Terry Slavin reports on how the new Circulytics tool, which has been tested by 30 companies, including Brambles and DS Smith, will help companies track their progress on cutting waste and CO2 emissions
Transitioning to renewable energy and boosting energy efficiency would only get us 55% of the way towards keeping global temperature rises within 1.5C, according to a recent report by The Ellen MacArthur Foundation. Another 45% will have to come from transforming our production and consumption systems to reduce their use of the planet's dwindling resources.
This falls squarely within the realm of the circular economy, according to the organisation's CEO, Andrew Morlet. But while hundreds of companies are now working with the foundation, the adoption of circular economy business models today is nowhere near enough to achieve the magnitude of transformation required.
Late last year the foundation announced a strategic partnership with BlackRock in an effort to raise awareness and interest in the circular economy among investors. Last week the foundation unveiled a tool to make it easier for companies to adopt more circular business models by scoring their progress across a fleet of metrics, from systems and production processes to C-suite strategies.
At a press conference in London unveiling the new Circulytics tool, Morlet said many companies were seeking to adopt practices to address global issues such as climate change and pollution, but were held back by a lack of data to inform strategic decision-making.
“Having good data and metrics for measuring baselines and progress is absolutely crucial, and in the circular economy space it’s a challenge,” Morlet said, adding that it is something the foundation has been working on for a number of years.
Linear supply chains are a significant threat to the future of our planet in terms of biodiversity loss, pollution and global warming
While the free-to-use tool will initially be used internally by companies to measure their circular economy performance against other companies in the same industry, using an A+ to E scoring system, in future it could evolve into a benchmark that could be available to ESG investors, in the same way that companies are scored on their climate, water and deforestation risk through the data they supply to CDP.
Morlet pointed out that BlackRock CEO Larry Fink’s annual letter, published the same day Circulytics was launched, “raises the bar for the whole topic of measurement and how do we redirect capital towards companies that are doing better [than their peers].”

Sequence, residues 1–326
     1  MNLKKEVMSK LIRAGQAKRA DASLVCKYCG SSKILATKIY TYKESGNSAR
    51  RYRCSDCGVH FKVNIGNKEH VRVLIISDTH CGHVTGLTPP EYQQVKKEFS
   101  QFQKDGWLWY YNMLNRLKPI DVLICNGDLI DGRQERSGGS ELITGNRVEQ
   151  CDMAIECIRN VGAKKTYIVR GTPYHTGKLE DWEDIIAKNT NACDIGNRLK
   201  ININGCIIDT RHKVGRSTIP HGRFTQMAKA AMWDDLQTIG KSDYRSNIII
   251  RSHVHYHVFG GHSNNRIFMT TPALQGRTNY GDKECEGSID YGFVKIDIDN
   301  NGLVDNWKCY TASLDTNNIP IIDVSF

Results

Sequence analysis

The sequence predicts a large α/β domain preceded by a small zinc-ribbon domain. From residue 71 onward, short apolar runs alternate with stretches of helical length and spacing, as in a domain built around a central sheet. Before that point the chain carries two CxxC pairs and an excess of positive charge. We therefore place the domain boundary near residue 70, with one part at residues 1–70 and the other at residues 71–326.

One of the 30 companies that were involved in developing and road-testing the Circulytics methodology is the CHEP Europe arm of Brambles, a logistics company that uses the world’s largest pool of reusable pallets and containers to move products around the globe for 500,000 customers in the fast-moving goods, automotive, fresh produce, beverage and retail sectors.
Michael Pooley, president of CHEP Europe, said Brambles’ share and reuse business model annually saves 1.7 million trees, 2m tonnes of CO2 and prevents 1.3m tonnes of packaging waste compared with more conventional logistics companies, with some of its products staying in circulation for up to 18 years before they are recycled into other products.
“Linear supply chains are a significant threat to the future of our planet in terms of biodiversity loss, pollution and global warming, but achieving circular economy isn’t easy,” Pooley said. “It does introduce new dimensions that traditional environmental indicators don’t provide.”
“In the absence of circular economy metrics we’ve been using many different methodologies to measure the circularity of our own business but they are sub-optimal.”
We have to improve the way we track each of our packaging solutions, not only where they end up, but also their recyclability
Pooley added that the company was in the middle of renewing its sustainability strategy. “And we will be using Circulytics to set targets for improvements we want to make as a business over the next five years.”
Stefano Rossi, CEO of packaging company DS Smith, which has a commitment to manufacture 100% reusable or recyclable packaging by 2025, said the “mirror” on its efforts provided by the Circulytics tool meant DS Smith couldn’t lapse into complacency.
“We have to improve the way we track each of our [packaging] solutions that goes out into the world, not only where they end up, but also their recyclability.”
But he said the tool’s greatest value lay in ensuring circularity is a priority issue for the company’s 30,000 staff.
“There is no opportunity to close the loop if there isn’t the right mindset,” Rossi said. “You can’t make the right investment decisions without having the rigour that comes from wanting it to happen. … Using the tool has raised the quality of conversations [about circularity] in our company.”
BASF, Enel, DSM, IKEA Group, Novo Nordisk, Solvay and Unilever were among the 30 companies that beta-tested the Circulytics tool.